SharePoint is going towards more and more open source coding
Instead of doing a whole lot of behind the scenes closed-cirquit development, the SharePoint team has adopted the usage of JavaScript libraries and frameworks that enable the third-party developers to create add-ins and solutions for SharePoint with any JavaScript framework they wish to use.  
Mobile leads development
They were pretty clear on this one. All develoment is done mobile first. Not desktop first keeping mobile in mind but actually mobile first, then desktop experienve. 
SharePoint Home
If I had a euro for each time a customer has asked me: "But where's the SharePoint here in O365? There's only this Sites... is that it? But how do I find my workspaces if I haven't followed them?" As far as I understood, SharePoint Home will asnwer this question once and for all. It's where SharePoint is, it's where the workspaces are. 
A lot of nice new features are coming to SharePoint
Document libraries will get a bunch of new features. Publishing sites will get a new page model as an addition to the current one (i.e. the current publishing pages aren't going anywhere; your data is safe) with the feel of Sway to them - adding modules (or cotnrols or web parts, whatever the name will be) to a page canvas (or several). Publishing sites will get a gallery of these modules - new web parts - that are fully JavaScript based. 
Office UI Fabric
In addition to this new more open way of developing for SharePoint, Microsoft is providing a "fabric" of CSS and (HTML) controls for unified look and feel of any app or add-in that made for Office environments. It provides a grid for responsive design, fonts, animations etc. to be used freely - but no one is forcing it either.

One thing the Microsoft people really emphasized: the old way is not going away; this new model simply enable more.

Dev Kitchen was a very social three day "training". Sure, Microsoft people were giving sessions on what they are working on, the technologies that are used and there were hands-on labs to try out the things in a test environment. However, there was also a lot of discussion of ideas and questions and priorities and wishes and whatnot. There were a lot of people already getting their hands dirty with the new stuff, trying out real life scenarios and showing their work in demo sessions. 

Now the team is ready to come out with the stuff, but this is only the beginning. A lot is brewing in the SharePoint Dev Kitchen and it will be truly interesting to see the outcome! 

Apr 19, 2016

Removing reusable SPD workflows completely

Recently I have been working on a set of different custom SharePoint Designer workflows for different customers. Sometimes the process is not so straightforward that you get things right on the first try and sometimes the errors result in the need to actually remove some trial workflows from the system. 

Reusable workflows are slightly more tricky to remove from the SharePoint UI than the list workflows. In SharePoint Designer, the main way of managing workflows is in the Workflows section. This may well tempt you to remove the workflow simply from that list and be done with it. This, however, will not remove it from the SharePoint UI, and thus an old depracated workflow is still available for users.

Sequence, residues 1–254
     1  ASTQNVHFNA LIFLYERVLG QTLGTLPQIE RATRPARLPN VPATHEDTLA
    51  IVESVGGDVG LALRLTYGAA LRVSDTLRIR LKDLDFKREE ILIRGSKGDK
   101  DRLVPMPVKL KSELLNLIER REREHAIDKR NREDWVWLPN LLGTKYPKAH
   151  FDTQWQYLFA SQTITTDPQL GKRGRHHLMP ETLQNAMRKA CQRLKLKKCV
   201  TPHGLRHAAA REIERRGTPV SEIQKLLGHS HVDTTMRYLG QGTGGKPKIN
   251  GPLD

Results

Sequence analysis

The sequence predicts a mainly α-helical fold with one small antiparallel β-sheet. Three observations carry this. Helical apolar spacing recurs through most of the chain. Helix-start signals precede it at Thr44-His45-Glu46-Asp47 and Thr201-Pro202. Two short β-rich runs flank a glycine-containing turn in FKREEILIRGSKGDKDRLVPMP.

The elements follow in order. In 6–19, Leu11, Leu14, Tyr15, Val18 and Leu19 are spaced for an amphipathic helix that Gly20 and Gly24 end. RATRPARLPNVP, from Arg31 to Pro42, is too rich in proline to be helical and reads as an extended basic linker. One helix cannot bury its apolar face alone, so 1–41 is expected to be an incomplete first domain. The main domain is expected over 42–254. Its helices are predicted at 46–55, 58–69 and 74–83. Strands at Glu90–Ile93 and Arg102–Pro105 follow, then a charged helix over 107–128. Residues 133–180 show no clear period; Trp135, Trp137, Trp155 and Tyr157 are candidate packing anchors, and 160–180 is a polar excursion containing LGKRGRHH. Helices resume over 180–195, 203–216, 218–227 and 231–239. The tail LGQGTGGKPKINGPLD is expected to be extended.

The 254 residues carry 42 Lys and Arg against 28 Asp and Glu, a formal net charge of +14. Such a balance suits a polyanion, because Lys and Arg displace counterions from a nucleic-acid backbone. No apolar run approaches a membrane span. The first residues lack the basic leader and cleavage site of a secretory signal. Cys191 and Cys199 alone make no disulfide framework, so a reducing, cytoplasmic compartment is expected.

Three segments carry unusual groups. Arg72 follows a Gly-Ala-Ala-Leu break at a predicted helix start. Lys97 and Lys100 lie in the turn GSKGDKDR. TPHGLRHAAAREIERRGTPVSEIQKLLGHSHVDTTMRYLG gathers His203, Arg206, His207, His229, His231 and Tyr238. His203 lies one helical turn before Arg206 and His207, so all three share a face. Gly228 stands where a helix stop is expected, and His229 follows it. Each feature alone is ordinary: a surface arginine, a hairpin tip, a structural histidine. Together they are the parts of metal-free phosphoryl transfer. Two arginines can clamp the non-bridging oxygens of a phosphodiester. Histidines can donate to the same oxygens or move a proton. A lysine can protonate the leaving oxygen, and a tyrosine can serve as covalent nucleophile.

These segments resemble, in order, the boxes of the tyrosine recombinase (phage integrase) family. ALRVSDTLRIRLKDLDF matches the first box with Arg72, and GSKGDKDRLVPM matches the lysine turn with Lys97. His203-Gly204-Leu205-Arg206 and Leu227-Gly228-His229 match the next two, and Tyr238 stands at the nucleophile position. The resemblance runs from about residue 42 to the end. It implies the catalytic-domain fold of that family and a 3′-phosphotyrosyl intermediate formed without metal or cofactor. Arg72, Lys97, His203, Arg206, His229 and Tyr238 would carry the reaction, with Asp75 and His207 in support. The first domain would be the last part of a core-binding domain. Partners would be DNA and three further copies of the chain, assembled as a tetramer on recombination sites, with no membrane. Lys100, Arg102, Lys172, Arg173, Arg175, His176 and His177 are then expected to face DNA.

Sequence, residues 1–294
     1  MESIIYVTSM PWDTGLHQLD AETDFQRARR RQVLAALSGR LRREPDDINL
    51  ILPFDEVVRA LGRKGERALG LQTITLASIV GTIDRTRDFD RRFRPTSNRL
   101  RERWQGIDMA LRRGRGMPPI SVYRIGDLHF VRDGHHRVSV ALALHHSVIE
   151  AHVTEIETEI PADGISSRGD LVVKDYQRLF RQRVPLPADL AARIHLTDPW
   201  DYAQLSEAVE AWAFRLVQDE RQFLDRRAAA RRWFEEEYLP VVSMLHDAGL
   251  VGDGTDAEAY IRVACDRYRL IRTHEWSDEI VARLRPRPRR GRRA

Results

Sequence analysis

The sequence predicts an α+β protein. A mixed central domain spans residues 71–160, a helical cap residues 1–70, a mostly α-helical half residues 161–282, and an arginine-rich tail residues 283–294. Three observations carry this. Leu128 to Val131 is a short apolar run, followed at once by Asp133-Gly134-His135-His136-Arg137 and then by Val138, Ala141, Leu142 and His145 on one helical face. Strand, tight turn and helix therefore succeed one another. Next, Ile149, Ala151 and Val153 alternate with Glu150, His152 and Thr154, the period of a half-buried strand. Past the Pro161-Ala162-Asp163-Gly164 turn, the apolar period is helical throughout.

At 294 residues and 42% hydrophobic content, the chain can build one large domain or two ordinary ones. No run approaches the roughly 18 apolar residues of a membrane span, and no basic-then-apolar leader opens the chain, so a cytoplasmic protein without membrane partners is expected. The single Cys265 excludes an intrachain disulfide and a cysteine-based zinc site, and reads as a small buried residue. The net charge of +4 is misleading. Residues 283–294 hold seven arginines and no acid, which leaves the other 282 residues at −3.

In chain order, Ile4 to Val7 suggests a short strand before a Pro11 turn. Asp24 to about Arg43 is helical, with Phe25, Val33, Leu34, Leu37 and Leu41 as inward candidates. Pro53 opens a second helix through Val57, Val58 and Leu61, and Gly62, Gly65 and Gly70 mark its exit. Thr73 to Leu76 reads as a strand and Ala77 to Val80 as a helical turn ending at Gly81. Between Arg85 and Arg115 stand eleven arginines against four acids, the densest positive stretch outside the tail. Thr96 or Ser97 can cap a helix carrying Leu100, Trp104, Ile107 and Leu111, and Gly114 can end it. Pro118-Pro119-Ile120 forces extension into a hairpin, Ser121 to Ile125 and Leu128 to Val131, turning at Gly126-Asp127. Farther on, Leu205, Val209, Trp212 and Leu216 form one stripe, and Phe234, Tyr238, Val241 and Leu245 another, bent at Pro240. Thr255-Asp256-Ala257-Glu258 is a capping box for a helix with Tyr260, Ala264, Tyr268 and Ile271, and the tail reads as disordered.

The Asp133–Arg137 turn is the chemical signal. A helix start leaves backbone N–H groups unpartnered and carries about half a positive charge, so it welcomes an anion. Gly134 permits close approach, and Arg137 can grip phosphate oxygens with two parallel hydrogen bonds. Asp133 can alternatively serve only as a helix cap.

The right place to remove the workflow from is to open the All files section, find the Workflows directory there and delete the whole workflow directory. 

But what if you already deleted the workflow in the Workflows list and now you have no directory for it anymore but it still shows up in the SP UI? This is what I was researching this morning. The place to go in that case is - surprise surprise! - the _catalogs directory. There you will find a folder named wfpub. And in that wfpub folder, you still have the directories for even those workflows that were deleted from the Workflows section listing. Delete these directories with all their contents and you're good.

Mar 18, 2016

SharePoint Branding and the winds of change

Not that long ago, it was quite typical to create a major SharePoint UI solution for a SharePoint intranet. It would contain one or more Master Pages, CSS stylesheets, images, JavaScript, Page Layouts etc. The solution package was deployed to the server, the feature activated and automagically the intranet got its fancy custom UI and functionalities. A slight inconvenience though, that even the smallest change or improvement in any of the shipped files required updating the whole package.
It hasn’t been too long since I last was involved in such a big intranet solution. These days such projects are more of the exception than the rule. So, what’s changed?

One thing, or maybe I should say THE thing is Office 365. Cloud is becoming more and more popular and doesn’t even allow such huge full-trust solutions. Sandbox solutions are still an option, though according to Microsoft they are not the technology of the future – they already once declared them deprecated, but actually had to take it back pretty quickly. However, apps and other alternative ways of doing things (PowerShell, Azure powered functionalities etc.) are the modern and flexible way to build stuff on top of SharePoint, while keeping it separate from SharePoint.